Tina Ng is a practicing and devout Buddhist. She is the Founder and President of the Metta Centre, a Buddhist centre to support Buddhism in Western Sydney by providing a space for monastics and lay teachers to share the Buddha’s teachings freely. She is also the Principal Solicitor of Metta Legal, a law firm encouraging practice through Buddhist principles. She has been an advisor to temples, Buddhist organisations and university groups. She has a keen interest in supporting youth and has run various mentoring programs for students. She has organised various events and played the role of coordinator, emcee, and auctioneer at charity functions. She has shared the Buddha’s teachings in conferences, talks, workshops, and in her writings.
Ariya Chittasy discovered the benefits of Buddhist Meditation in his late school years. The benefits to him were clear in his daily life, so he furthered his studies into the mind throughout university. He is an entrepreneur at heart and has owned and run several award-winning businesses. Ariya’s interest in technology led him to contribute to the development of the Buddhist Council of NSW’s websites over the past few years. He is looking forward to being part of the discover of how the Buddha’s teachings can be spread in the technological age.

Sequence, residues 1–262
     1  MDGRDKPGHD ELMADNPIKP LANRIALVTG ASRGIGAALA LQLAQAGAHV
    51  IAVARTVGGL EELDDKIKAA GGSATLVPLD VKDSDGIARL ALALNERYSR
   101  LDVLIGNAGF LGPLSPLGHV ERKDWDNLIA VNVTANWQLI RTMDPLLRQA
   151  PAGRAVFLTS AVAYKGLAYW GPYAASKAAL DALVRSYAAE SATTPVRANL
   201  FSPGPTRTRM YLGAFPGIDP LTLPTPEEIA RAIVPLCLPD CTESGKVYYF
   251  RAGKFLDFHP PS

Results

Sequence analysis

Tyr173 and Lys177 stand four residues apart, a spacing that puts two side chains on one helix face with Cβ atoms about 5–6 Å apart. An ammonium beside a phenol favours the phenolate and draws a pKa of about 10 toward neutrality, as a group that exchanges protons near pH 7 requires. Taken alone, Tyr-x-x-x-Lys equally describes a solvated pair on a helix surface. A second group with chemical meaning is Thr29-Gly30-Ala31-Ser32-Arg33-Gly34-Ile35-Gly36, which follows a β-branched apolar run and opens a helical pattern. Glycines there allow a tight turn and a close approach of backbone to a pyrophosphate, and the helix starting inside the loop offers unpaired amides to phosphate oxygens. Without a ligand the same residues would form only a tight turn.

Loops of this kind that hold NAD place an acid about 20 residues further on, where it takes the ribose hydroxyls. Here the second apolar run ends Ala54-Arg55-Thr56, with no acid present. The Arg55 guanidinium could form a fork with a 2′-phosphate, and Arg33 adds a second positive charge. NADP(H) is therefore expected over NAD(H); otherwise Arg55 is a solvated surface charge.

Venerable Dr Juewei
Venerable Dr. Juewei is the Director of Nan Tien Institute’s Humanistic Buddhism Centre and Lecturer at the Institute’s Applied Buddhist Studies program. Her research interests include Humanistic Buddhism, Buddhist acculturation, and Buddhist issues in modern society, including Buddhist Economics and Buddhist Ethics. Besides research, Venerable Dr Juewei also teaches classes such as Buddhism and Modern Society, Buddhist Ethics and subjects related to Chinese Buddhism. Venerable Dr Juewei holds a Ph.D. in Religious Studies, a Master of Arts in Buddhist Studies, a Master of Business Administration, and a Master of Science in Computer Science and Engineering. Venerable Dr Juewei is an active member of the Fo Guang Shan Buddhist order. She has held many international positions within the order’s University Consortium and Temples, including University of the West and Hsi Lai Temple in California, USA, and Australia’s Nan Tien Temple.